Our victory for Idaho’s Salmon-Challis National Forest

Earlier this month, a magistrate judge in Idaho issued an important decision on a lawsuit filed by The Wilderness Society and our partners over destructive off-road vehicle use on the Salmon-Challis National Forest in Idaho.  The judge agreed with us that the Forest Service had violated environmental laws in developing its plan to designate where motor vehicles were allowed to travel. This decision was the culmination of several years of work on behalf of TWS and our partners to halt unauthorized and inappropriate motorized recreation. 

For me, this case was personal.  I have hunted elk, climbed peaks, scaled limestone walls and spent many days recreating on the Salmon-Challis.  It is a Forest rich with recreational opportunities no matter how you prefer to enjoy public lands. 

The Salmon-Challis National Forest encompasses 4.3 million acres of land, and includes large portions of the iconic Frank Church River of No Return Wilderness.  This is a very wild forest, with over 70% of the Forest classified as Roadless or Wilderness.  Despite the wild and remote nature of the Salmon-Challis, motorized recreation has slowly crept onto the land and eroded the unique values that define this wild Idaho landscape.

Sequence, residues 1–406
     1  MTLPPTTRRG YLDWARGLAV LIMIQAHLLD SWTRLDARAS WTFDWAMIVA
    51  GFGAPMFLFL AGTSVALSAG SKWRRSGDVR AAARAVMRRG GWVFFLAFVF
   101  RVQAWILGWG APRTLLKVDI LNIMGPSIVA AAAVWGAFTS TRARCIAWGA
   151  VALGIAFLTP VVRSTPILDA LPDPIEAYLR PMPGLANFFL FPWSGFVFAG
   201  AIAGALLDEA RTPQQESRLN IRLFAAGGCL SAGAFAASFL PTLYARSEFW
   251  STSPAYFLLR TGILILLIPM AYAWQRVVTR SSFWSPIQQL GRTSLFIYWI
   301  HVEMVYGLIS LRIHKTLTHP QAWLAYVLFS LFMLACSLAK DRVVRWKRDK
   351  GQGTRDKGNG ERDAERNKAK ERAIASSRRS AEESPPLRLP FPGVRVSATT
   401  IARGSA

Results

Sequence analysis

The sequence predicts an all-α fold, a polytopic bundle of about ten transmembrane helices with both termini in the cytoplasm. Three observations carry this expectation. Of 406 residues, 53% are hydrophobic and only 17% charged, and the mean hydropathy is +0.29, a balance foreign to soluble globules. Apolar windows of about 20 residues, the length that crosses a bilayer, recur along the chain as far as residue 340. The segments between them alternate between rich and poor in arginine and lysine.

Damaged trail in Winnemucca Creek in the Salmon-Challis, Idaho. Photo by Brad Smith, Idaho Conservation League. In our challenge, The Wilderness Society and our partners documented widespread abuse from motor vehicle use, including torn-up riparian areas, deep tire ruts, and evidence of ATV use in areas where it is currently illegal to ride.   

While this decision is a big win for conservationists and public lands advocates in Idaho, it could have widespread implications for how land managers deal with off-road vehicles west-wide.  The judge made it clear in his decision that the Forest Service has a duty to protect public lands where off-road vehicles are damaging natural resources that belong to all Americans. 

Because of the judge’s decision, the Forest Service will have to go back and develop a new travel plan that designates motorized roads and trails.  The Wilderness Society and our partners will continue to work with the Forest Service to develop a plan that protects special places while providing recreational opportunities for all.  This time, we hope the Forest Service gets it right.

Photos:
ATV rut at Swauger Lake in the Salmon-Challis, Idaho. Photo by Brad Smith, Idaho Conservation League.
Damaged trail in Winnemucca Creek in the Salmon-Challis, Idaho. Photo by Brad Smith, Idaho Conservation League.

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